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Misconduct probes ongoing into 142 Met Police officers

Figures revealed by Sadiq Khan highlight ‘low confidence’ in police force, reports Joe Talora, Local Democracy Reporter

credit Met Police

A serving Metropolitan Police officer is the subject of 20 ongoing misconduct cases, new figures have revealed.

The officer is one of 142 serving officers to have multiple “live” misconduct cases open against them, while there are 19 former officers with multiple ongoing misconduct cases.

The figures were revealed by London mayor Sadiq Khan in a written response to a question from Green Party London Assembly member Caroline Russell.

Responding to the figures, Caroline said: “At a time when confidence in the Met is low, seeing this many open misconduct cases against serving officers is staggering.

“The worrying number of cases must be investigated thoroughly and fairly, and I will continue to raise this issue and hold the Met to account. Londoners must be able to trust the police service that is supposed to be keeping us all safe.”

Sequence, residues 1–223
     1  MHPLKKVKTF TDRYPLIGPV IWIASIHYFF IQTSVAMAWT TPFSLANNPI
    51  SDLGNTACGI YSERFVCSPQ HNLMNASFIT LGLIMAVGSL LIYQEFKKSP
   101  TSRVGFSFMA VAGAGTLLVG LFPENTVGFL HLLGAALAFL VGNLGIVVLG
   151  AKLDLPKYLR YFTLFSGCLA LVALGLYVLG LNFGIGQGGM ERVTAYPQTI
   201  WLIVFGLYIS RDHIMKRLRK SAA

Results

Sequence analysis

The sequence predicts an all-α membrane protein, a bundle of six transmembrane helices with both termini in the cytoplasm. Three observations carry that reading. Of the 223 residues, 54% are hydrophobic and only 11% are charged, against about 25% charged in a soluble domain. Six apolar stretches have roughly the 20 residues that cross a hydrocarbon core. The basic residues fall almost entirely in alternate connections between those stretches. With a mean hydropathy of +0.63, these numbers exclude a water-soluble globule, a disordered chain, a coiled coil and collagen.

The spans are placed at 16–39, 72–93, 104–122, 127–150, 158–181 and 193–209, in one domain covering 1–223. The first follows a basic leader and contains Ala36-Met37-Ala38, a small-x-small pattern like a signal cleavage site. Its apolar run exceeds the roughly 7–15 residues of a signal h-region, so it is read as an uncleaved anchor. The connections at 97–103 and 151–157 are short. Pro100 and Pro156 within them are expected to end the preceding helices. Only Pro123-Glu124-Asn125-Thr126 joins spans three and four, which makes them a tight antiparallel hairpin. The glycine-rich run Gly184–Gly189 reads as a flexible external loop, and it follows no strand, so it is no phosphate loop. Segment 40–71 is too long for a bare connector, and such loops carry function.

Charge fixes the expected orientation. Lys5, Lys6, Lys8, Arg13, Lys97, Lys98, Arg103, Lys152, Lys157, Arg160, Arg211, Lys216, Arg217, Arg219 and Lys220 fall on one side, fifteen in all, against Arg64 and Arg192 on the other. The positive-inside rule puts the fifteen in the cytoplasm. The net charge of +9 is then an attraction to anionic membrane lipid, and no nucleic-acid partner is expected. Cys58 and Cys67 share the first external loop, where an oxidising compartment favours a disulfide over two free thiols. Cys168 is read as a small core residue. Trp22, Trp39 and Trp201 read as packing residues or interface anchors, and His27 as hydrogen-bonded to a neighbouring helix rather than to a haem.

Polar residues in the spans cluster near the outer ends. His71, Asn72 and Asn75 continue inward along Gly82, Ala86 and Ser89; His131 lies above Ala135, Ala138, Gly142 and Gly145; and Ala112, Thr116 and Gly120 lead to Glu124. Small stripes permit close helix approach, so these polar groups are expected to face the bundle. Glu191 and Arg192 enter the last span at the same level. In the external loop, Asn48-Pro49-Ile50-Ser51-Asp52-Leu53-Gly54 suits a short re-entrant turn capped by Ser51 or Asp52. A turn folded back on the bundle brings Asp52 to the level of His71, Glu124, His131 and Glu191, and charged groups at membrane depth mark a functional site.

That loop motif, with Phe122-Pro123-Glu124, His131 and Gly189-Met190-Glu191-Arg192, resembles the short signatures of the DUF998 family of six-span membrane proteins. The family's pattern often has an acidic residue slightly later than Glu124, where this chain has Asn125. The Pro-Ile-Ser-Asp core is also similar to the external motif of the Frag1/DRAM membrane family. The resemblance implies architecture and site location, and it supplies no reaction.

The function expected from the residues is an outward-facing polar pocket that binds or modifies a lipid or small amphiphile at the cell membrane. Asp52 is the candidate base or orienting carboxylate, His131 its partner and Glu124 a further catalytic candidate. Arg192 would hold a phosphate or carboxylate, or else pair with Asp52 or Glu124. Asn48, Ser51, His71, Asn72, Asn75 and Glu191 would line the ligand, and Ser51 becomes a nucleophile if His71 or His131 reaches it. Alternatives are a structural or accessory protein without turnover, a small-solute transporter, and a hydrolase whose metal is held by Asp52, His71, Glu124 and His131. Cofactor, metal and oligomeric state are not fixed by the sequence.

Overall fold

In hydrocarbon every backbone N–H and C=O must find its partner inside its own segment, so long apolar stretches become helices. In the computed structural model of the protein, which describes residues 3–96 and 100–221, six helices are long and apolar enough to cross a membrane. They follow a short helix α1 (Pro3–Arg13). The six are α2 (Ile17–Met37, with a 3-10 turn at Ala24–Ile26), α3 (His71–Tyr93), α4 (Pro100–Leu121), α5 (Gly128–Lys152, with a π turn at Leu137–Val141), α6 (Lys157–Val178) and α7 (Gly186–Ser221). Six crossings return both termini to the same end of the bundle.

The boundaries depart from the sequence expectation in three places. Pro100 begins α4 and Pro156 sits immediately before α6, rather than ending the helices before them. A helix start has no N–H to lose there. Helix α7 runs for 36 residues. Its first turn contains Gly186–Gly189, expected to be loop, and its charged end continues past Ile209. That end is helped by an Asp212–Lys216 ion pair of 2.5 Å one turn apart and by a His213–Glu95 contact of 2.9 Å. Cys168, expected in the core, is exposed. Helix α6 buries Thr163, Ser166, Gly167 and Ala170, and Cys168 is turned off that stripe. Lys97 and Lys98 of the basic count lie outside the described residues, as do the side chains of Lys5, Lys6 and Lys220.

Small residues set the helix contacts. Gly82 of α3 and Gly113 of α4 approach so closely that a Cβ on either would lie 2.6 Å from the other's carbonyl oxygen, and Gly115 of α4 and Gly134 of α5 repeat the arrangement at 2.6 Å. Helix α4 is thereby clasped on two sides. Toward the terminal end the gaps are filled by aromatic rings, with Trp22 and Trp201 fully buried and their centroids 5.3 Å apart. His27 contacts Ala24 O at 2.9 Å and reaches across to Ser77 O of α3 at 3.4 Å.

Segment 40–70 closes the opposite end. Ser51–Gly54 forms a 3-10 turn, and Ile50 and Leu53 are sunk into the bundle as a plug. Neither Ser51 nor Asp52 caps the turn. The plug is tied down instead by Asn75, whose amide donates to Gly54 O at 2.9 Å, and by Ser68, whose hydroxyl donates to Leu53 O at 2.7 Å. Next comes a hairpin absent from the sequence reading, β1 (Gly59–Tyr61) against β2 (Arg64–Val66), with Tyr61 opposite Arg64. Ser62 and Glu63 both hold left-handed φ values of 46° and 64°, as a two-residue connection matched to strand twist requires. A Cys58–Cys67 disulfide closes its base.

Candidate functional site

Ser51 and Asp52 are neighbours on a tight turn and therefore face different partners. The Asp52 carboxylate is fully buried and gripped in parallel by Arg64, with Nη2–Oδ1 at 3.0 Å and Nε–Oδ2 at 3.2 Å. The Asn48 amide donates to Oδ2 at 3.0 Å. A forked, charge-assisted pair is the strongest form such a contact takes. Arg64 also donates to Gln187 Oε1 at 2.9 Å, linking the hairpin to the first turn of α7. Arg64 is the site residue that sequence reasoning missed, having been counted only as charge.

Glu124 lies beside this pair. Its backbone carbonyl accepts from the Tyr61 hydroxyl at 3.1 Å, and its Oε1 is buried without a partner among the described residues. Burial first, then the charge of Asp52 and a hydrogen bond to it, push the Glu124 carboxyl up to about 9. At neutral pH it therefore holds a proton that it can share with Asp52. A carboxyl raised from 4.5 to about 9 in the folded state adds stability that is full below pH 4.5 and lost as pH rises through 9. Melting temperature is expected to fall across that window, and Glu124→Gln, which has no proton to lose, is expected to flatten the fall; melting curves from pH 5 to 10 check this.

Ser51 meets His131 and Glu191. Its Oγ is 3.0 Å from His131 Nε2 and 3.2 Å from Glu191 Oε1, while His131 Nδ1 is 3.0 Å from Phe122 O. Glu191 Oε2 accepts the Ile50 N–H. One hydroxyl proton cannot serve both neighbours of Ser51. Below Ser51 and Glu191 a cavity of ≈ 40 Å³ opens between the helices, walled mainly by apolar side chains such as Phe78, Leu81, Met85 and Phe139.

It is unclear which of the 142 officers, if any, have been suspended. A Met Police spokesperson said suspension is dealt with on a case-by-case basis.


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The figures were released just days before the Met Police launched a new hotline for people to anonymously report officers for corruption, abuse or breaches of trust and power in a bid to improve trust and confidence.

Khan said the new hotline will “will help to remove anyone who brings the Met into disrepute” and that it “sends a clear message that the integrity of those who serve can never be compromised”.

A Met Police spokesperson said: “People rightly expect us to uphold the highest standards but, as the commissioner has previously said, our organisation is being undermined by corrupting behaviours that have gone unchallenged and been allowed to multiply. We will be using data to look at patterns — of conduct, behaviour and complaints — so we can identify officers who pose a risk and intervene early.”

Commissioner Sir Mark Rowley has pledged to clean up the force following a series of scandals which have rocked public trust and confidence. Last month, Sir Mark said it was “completely mad” that the Met Police was having to employ “about 100” officers who cannot be trusted to deal with the public due to a lack of legal powers to remove them.

The commissioner said the current rules are “perverse” and that “we are looking at whether we have got any new legal levers” to remove rogue officers.


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